On the night of Aug. 16, 2013, MV St. Thomas Aquinas of 2Go Shipping Lines collided with Sulpicio Express Siete of Philippine Span Asia Carrier Corp (PSACC) at Lauis Ledge in Talisay City.
MV St. Thomas Aquinas sank, claiming the lives of 116 persons, with 21 others still missing to this day.
To prevent future sea mishap of that magnitude, the construction of a Vessel Traffic Management System (VTMS) was recommended. The Japan International Cooperation Agency (Jica) readily funded the project with a Y1.152 billion aid in 2014. Construction started in 2015.
This September, four years since the sea mishap, Jica will finally turn over the VTMS to the Phillipine Coast Guard (PCG), said Krystal Kay Anas, the officer-in-charge of the PCG’s Maritime Affairs Office and the district aid navigation officer of Central Visayas.
Anas said the VTMS can monitor all inbound and outbound vessels, both foreign and domestic, passing through the Mactan Channel and the waters around Cebu Island.
The VTMS’ equipment will be housed in a three-storey structure built at the compound of PCG Central Visayas District in Pier 3, Cebu City.
Nine personnel from PCG and nine personnel from the Cebu Ports Authority (CPA) will be assigned at the VTMS Control Center, which will operate round the clock, all days of the week. Duty personnel will be housed at the second floor of the VTMS building.
The VTMS control tower is located at the rooftop of the building. A view of Mactan Channel and the rest of Pier 3 can be seen from the rooftop.
Cebu is not the first in the country to have a VTMS. Other areas that have VTMS are Batangas City, Cagayan de Oro City, and Corregidor Island.
Anas said the VTMS will allow the PCG to monitor vessels will not follow their assigned routes; determine the vessel’s port of origin; enhance the vessel traffic service of waterways; and ensure safe navigation of vessels.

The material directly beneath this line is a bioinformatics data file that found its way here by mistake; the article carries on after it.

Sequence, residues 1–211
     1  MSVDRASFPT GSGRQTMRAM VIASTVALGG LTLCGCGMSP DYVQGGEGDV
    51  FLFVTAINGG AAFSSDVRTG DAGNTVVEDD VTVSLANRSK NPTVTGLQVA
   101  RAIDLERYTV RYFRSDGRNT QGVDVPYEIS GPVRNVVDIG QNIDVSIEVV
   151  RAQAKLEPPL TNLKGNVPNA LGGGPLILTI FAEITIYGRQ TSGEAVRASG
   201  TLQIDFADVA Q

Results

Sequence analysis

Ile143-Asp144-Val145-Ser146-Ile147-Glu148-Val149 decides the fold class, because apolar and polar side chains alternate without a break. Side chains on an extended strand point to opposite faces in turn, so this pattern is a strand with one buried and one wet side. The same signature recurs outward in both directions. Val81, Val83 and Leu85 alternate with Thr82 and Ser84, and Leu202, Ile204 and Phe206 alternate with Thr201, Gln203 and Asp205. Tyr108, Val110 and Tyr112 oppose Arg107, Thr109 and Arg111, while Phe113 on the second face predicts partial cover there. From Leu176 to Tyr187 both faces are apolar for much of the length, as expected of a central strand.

Three radar stations have been set up for the VTMS: at Bantolinao Point in Lapu-Lapu City (north), in Barangay Pusok, Lapu-Lapu City (between the Marcelo Fernan Bridge and the Mandaue-Mactan Bridge) and in Talisay City (south.)
PCG Cebu Commander Dionlett Ampil said the VTMS will help lessen sea mishaps as the PCG they “can (now) monitor the speed of vessels and inform ship captains to control (their ships’) speed.”
A memorandum circular that will impose the harbor speed limit in Cebu and Mactan Channel to only eight knots is now being finalized at the PCG central office, he said.
International rules on proper seamanship allow overtaking by faster vessels on slower ones generally in open seas and non-restricted zones within a harbor.
In Cebu, however, the “no overtaking” rule is being proposed due to the volume of traffic and the constricted width of the Mactan Channel.
“Overtaking may be allowed on a case-to-case basis subject to the approval of PCG,” read the proposed circular.
“We met with the ship owners last May and come up with penalties not just for owners but as well as for ship captains if violations would be committed,” Ampil said.
As proposed, the first offense will come with a fine of up to P50,000 each for the ship owner and captain; second offense means a fine of P100,000 each for the ship owner and captain; and third offense will result to the suspension of captain’s license and non-issuance of berthing permit or port clearance for the involved ship.
“Once the control tower starts its operations and the memorandum circular will be approved then ship owners and captains should follow (the rules),” Ampil said.